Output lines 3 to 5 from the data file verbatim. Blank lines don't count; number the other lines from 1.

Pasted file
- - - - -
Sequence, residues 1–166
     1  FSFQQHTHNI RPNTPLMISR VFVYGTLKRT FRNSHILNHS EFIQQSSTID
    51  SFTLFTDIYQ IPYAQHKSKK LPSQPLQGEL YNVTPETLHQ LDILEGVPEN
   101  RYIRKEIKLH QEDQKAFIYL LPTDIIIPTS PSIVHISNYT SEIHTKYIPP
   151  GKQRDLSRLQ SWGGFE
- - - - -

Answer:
    51  SFTLFTDIYQ IPYAQHKSKK LPSQPLQGEL YNVTPETLHQ LDILEGVPEN
   101  RYIRKEIKLH QEDQKAFIYL LPTDIIIPTS PSIVHISNYT SEIHTKYIPP
   151  GKQRDLSRLQ SWGGFE